Curation policies established for the CCDS data set have been integrated in to the RefSeq and HAVANA annotation guidelines and thus, new annotations provided by both groups are more likely to be concordant and result in addition of a CCDS ID. These standards address specific problem areas, are not a comprehensive set of annotation guidelines, and do not restrict the annotation polices of any collaborating group.[2] Examples include, standardized curation guidelines for selection of the initiation codon and interpretation of upstream ORFs and transcripts that are predicted to be candidates for nonsense-mediated decay. Curation occurs continuously, and any of the collaborating centers can flag a CCDS ID as a potential update or withdrawal.

Conflicting opinions are addressed by consulting with scientific experts or other annotation curation groups such as the HUGO Gene Nomenclature Committee (HGNC) and Mouse Genome Informatics (MGI). If a conflict cannot be resolved, then collaborators agree to withdraw the CCDS ID until more information becomes available.

Curation challenges and annotation guidelines[edit]

Nonsense-mediated decay (NMD): NMD is the most powerful mRNA surveillance process. NMD eliminates defective mRNA before it can be translated into protein.[4] This is important because if the defective mRNA is translated, the truncated protein may cause disease. Different mechanisms have been proposed to explain NMD; one being the exon junction complex (EJC) model. In this model, if the stop codon is >50 nt upstream of the last exon-exon junction, the transcript is assumed to be a NMD candidate.[2] The CCDS collaborators utilise a conservative method, based on the EJC model, to screen mRNA transcripts. Any transcripts determined to be NMD candidates are excluded from the CCDS data set except in the following situations:[2]

  1. all transcripts at one particular locus are assessed to be NMD candidates however the locus is previously known to be protein coding region;
  2. there is experimental evidence suggesting that a functional protein is produced from the NMD candidate transcript.

Previously, NMD candidate transcripts were considered to be protein coding transcripts by both RefSeq and HAVANA, and thereby, these NMD candidate transcripts were represented in the CCDS data set. The RefSeq group and the HAVANA project have subsequently revised their annotation policies.

Multiple in-frame translation start sites: Multiple factors contribute to translation initiation, such as upstream open reading frames (uORFs), secondary structure and the sequence context around the translation initiation site. A common start site is defined within Kozak consensus sequence: (GCC) GCCACCAUGG in vertebrates. The sequence in brackets (GCC) is the motif with unknown biological impact.[5] There are variations within Kozak consensus sequence, such as G or A is observed three nucleotides upstream (at position -3) of AUG. Bases between positions -3 and +4 of Kozak sequence have the most significant impact on translational efficiency. Hence, a sequence (A/G)NNAUGG is defined as a strong Kozak signal in the CCDS project.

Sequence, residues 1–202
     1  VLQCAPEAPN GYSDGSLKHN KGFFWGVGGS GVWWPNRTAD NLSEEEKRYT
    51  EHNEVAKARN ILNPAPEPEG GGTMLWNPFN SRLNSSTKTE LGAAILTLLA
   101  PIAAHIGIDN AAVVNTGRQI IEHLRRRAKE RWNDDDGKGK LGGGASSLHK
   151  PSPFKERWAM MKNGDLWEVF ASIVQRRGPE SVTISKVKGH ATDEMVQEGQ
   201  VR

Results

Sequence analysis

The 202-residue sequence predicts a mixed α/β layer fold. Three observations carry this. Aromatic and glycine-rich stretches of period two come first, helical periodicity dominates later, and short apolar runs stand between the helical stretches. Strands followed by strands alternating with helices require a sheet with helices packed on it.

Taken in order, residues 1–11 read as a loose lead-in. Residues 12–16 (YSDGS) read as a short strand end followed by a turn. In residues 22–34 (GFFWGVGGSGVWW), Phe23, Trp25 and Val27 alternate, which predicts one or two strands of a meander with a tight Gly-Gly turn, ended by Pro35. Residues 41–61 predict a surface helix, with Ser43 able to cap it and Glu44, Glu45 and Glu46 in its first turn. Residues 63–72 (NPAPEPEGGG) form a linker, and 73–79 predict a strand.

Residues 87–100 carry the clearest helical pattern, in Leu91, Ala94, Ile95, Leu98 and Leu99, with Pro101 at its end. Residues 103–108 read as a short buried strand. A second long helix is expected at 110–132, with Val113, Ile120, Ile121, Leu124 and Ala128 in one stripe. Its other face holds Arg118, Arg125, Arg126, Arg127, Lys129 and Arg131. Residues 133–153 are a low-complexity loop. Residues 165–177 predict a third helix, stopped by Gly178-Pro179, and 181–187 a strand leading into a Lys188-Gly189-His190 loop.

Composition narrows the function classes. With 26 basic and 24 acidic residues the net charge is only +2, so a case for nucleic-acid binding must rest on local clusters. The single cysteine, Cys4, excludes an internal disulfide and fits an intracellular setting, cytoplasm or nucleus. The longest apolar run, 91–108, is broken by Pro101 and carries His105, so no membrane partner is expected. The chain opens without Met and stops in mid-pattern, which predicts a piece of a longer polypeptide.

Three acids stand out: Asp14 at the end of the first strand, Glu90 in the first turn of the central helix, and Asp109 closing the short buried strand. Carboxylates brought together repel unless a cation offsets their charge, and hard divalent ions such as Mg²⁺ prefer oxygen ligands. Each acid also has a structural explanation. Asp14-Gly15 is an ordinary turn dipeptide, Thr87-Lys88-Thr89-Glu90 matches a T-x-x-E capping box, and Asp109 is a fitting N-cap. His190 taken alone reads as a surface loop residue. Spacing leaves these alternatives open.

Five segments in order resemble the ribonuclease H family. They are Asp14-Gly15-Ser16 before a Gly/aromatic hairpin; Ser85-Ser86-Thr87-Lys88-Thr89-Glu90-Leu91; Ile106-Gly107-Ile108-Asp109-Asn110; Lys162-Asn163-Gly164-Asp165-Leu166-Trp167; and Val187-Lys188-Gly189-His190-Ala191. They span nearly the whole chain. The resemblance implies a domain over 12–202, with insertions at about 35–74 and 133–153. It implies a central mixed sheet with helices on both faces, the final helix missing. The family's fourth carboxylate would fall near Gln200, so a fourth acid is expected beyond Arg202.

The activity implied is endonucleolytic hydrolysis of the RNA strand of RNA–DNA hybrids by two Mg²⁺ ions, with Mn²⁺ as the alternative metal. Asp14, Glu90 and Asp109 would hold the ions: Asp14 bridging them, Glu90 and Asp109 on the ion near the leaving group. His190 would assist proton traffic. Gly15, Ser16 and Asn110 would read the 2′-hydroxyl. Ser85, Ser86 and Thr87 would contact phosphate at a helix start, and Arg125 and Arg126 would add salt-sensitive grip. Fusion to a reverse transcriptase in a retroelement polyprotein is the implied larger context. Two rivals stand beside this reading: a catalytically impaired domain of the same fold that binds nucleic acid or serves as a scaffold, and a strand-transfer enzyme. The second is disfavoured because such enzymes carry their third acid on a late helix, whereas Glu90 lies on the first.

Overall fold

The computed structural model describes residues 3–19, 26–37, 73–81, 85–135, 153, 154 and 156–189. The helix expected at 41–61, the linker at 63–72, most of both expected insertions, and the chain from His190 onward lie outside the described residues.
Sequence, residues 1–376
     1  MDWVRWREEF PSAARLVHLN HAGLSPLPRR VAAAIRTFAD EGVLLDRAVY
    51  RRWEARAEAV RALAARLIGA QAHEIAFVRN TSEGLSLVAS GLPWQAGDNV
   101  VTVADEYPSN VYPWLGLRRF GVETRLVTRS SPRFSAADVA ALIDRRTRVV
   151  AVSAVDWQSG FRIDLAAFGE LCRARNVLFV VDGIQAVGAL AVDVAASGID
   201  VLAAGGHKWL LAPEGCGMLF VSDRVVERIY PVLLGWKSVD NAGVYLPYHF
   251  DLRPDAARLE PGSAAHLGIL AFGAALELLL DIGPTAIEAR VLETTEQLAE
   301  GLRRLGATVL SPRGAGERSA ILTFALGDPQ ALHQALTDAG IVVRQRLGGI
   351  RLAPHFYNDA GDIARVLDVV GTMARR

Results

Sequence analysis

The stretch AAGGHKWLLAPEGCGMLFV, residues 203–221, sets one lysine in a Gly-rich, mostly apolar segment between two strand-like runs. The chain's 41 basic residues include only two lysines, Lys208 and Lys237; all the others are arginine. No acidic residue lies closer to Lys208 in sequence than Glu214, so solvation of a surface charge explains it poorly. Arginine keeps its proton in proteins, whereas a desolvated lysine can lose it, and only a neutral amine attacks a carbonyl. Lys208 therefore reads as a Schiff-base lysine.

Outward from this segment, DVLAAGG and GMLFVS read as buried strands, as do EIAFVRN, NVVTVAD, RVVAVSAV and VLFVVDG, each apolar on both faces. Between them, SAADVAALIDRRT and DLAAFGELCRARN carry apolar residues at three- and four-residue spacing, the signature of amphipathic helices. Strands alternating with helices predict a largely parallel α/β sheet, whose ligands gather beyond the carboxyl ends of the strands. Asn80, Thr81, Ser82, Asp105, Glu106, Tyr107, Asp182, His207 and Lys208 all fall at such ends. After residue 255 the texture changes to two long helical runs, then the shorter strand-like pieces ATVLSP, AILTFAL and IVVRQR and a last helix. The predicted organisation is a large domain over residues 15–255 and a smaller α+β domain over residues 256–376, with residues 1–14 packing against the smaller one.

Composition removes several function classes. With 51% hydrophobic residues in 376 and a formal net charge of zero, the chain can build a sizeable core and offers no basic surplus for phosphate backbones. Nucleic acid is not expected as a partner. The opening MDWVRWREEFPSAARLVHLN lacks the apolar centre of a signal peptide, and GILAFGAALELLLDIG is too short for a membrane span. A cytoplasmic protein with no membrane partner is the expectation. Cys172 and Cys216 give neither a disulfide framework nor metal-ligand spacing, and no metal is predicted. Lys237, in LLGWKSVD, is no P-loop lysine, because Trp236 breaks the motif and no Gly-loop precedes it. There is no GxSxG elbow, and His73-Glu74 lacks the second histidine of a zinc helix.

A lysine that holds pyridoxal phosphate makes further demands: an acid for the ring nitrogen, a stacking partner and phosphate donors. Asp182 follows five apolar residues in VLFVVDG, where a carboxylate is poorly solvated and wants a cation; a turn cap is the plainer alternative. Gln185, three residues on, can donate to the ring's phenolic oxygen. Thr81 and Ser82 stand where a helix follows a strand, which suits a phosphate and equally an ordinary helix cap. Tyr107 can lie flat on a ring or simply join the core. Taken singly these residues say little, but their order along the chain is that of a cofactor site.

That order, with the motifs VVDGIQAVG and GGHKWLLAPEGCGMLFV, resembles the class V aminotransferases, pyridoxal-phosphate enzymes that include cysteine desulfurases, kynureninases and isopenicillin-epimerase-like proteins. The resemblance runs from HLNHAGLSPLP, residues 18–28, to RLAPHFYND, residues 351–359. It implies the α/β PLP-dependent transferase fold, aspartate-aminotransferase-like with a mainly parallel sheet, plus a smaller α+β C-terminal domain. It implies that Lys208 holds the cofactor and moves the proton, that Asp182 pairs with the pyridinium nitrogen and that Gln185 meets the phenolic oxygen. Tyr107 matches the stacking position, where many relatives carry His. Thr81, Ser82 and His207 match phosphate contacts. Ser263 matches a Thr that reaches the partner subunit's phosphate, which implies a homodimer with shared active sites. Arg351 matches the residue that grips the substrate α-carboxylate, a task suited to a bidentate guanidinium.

According to the scanning mechanism, the small ribosomal subunit can initiate translation from the first reached start codon. There are exceptions to the scanning model:

  1. when the initiation site is not surrounded by a strong Kozak signal, which results in leaky scanning. Thereby, the ribosome skips this AUG and initiates translation from a downstream start site;
  2. when a shorter ORF can allow the ribosome to re-initiate translation at a downstream ORF.[5]

According to the CCDS annotation guidelines, the longest ORF must be annotated except when there is experimental evidence that an internal start site is used to initiate translation. Additionally, other types of new data, such as ribosome profiling data,[6] can be used to identify start codons. The CCDS data set records one translation initiation site per CCDS ID. Any alternative start sites may be used for translation and will be stated in a CCDS public note.

Upstream open reading frames: AUG initiation codons located within transcript leaders are known as upstream AUGs (uAUGs). Sometimes, uAUGs are associated with uORFs . uORFs are found in approximately 50% of human and mouse transcripts.[7] The existence of uORFs are another challenge for the CCDS data set. The scanning mechanism for translation initiation suggests that small ribosomal subunits (40S) bind at the 5’ end of a nascent mRNA transcript and scan for the first AUG start codon.[5] It is possible that an uAUG is recognised first, and the corresponding uORF is then translated. The translated uORF could be a NMD candidate, although studies have shown that some uORFs can avoid NMD. The average size limit for uORFs that will escape NMD is approximately 35 amino acids.[2][8] It also has been suggested that uORFs inhibit translation of the downstream gene by trapping a ribosome initiation complex and causing the ribosome to dissociate from the mRNA transcript before it reaches the protein-coding regions.[4][7] Currently, no studies have reported the global impact of uORFs on translational regulation.

The current CCDS annotation guidelines allow the inclusion of mRNA transcripts containing uORFs if they meet the following two biological requirements:[2]

  1. the mRNA transcript has a strong Kozak signal;
  2. the mRNA transcript is either ≥ 35 amino acids or overlaps with the primary open reading frame.